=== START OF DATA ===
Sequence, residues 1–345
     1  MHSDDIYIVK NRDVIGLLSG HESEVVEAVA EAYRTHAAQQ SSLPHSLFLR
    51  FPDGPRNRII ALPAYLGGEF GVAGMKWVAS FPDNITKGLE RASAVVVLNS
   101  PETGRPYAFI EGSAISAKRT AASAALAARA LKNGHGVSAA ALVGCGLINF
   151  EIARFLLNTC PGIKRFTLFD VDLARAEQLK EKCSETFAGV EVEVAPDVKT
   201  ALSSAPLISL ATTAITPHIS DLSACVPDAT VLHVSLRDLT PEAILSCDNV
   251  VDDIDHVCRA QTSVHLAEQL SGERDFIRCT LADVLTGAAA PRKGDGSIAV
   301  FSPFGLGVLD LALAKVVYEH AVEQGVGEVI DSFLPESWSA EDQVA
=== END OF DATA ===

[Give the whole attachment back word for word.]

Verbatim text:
Sequence, residues 1–345
     1  MHSDDIYIVK NRDVIGLLSG HESEVVEAVA EAYRTHAAQQ SSLPHSLFLR
    51  FPDGPRNRII ALPAYLGGEF GVAGMKWVAS FPDNITKGLE RASAVVVLNS
   101  PETGRPYAFI EGSAISAKRT AASAALAARA LKNGHGVSAA ALVGCGLINF
   151  EIARFLLNTC PGIKRFTLFD VDLARAEQLK EKCSETFAGV EVEVAPDVKT
   201  ALSSAPLISL ATTAITPHIS DLSACVPDAT VLHVSLRDLT PEAILSCDNV
   251  VDDIDHVCRA QTSVHLAEQL SGERDFIRCT LADVLTGAAA PRKGDGSIAV
   301  FSPFGLGVLD LALAKVVYEH AVEQGVGEVI DSFLPESWSA EDQVA